I really should have used something like apt-proxy to speed up the rebuild and save some bandwidth, but I read about apt-proxy too late...

All log files from my rebuild are available for detailed analysis if anybody is interested (you can browse the logfiles online or download all of them as tarball). I didn't perform any detailed analysis, just some rough numbers here:

  • Succeeded package builds: 8425
  • Failed package builds: 2509
  • Total number of packages rebuilt: 10934

If anybody does some more elaborate analysis, please let me know.

Flashing a BIOS the Linux Way (tm) using flashrom

There are a gazillion HOWTOs out there for flashing a BIOS image without having to resort to ugly "boot DOS from floppy" or "run Windows *.exe file from BIOS vendor" and other ugly stuff. Unfortunately, the proposed solutions are equally ugly (e.g. creating custom CD-ROMs which contain the "floppy" with DOS/Windows flash tools).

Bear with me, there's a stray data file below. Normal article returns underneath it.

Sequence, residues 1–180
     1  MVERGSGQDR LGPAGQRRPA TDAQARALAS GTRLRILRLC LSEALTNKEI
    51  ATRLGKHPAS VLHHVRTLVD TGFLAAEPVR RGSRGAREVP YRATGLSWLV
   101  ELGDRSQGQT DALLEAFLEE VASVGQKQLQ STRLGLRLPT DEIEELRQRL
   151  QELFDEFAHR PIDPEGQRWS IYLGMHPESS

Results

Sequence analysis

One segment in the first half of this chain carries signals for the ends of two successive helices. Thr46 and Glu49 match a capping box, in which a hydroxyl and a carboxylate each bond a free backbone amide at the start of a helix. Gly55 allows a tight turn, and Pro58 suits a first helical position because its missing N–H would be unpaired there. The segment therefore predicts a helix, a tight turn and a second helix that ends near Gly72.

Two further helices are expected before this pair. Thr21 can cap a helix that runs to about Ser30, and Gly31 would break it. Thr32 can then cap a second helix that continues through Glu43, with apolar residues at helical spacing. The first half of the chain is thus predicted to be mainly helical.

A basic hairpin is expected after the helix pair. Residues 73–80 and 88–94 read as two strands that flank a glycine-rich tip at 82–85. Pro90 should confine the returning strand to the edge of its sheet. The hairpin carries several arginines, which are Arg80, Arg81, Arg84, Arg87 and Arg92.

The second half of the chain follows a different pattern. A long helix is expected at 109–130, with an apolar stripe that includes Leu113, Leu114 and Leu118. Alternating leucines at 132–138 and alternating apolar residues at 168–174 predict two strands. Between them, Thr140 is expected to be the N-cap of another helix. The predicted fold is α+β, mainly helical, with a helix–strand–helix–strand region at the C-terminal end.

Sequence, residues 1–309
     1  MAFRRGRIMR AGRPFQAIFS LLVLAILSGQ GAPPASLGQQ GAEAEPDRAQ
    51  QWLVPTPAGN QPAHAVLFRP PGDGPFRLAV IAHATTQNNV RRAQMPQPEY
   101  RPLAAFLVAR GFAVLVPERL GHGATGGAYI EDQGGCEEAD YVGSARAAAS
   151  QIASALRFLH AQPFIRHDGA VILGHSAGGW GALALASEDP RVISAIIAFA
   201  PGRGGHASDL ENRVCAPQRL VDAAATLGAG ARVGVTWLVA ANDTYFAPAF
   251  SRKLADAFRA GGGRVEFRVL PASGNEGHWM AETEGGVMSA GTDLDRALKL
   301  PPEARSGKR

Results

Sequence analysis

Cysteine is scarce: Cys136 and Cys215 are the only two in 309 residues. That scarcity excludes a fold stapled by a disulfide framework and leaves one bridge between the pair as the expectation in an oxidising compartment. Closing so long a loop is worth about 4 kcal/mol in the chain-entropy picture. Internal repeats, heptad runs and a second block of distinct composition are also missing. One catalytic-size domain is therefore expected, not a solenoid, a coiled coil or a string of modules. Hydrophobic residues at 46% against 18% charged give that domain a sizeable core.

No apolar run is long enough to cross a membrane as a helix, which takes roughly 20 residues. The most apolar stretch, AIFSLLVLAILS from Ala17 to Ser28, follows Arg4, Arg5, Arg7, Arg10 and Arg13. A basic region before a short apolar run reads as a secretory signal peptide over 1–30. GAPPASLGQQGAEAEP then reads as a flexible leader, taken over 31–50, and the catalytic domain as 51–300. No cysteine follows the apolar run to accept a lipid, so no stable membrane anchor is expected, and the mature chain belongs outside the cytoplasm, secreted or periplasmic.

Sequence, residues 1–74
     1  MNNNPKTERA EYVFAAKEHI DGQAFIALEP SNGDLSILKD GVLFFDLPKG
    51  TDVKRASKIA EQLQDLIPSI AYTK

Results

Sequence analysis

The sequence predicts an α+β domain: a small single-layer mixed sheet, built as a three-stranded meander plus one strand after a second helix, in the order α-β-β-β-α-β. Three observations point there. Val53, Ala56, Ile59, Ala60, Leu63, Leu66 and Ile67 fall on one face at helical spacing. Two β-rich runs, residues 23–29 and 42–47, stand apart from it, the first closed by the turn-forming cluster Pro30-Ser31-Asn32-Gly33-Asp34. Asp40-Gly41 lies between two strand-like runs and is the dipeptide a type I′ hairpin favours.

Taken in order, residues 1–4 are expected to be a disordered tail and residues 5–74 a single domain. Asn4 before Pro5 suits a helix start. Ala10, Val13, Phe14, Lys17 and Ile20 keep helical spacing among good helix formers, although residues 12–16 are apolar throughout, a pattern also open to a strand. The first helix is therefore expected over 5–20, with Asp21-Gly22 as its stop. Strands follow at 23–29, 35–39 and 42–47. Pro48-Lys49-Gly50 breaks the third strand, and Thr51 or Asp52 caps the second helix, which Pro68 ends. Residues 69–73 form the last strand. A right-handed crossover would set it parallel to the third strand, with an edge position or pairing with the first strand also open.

Folks, this is so much simpler than you think:

The flashrom tool (GPL'd, written for LinuxBIOS purposes, but works perfectly fine with proprietary BIOSes, too) will easily do what you want, on a running Linux system. No floppy crap, no CD-ROM crap, no DOS/Windows crap, no rebooting crap.

Install it:

  $ apt-get install flashrom

Detect whether flashrom knows about your chipset/mainboard/BIOS chip:

  $ flashrom

Read the BIOS image into a file:

  $ flashrom -r backup.bin

Write a BIOS image (proprietary or LinuxBIOS) on the ROM chip:

  $ flashrom -wv newbios.bin

WARNING: This will overwrite your current BIOS! Make sure you know what you're doing!

For the Debian-challenged, flashrom is available in source form too, of course:

  $ svn co svn://
  $ cd flashrom
  $ make

The list of supported chipsets, mainboards, and ROM chips is limited of course, but it's constantly expanding. Contact us on the LinuxBIOS mailing list if you want other hardware supported (or even better: if you have patches!). In many cases adding support for new hardware is pretty easy...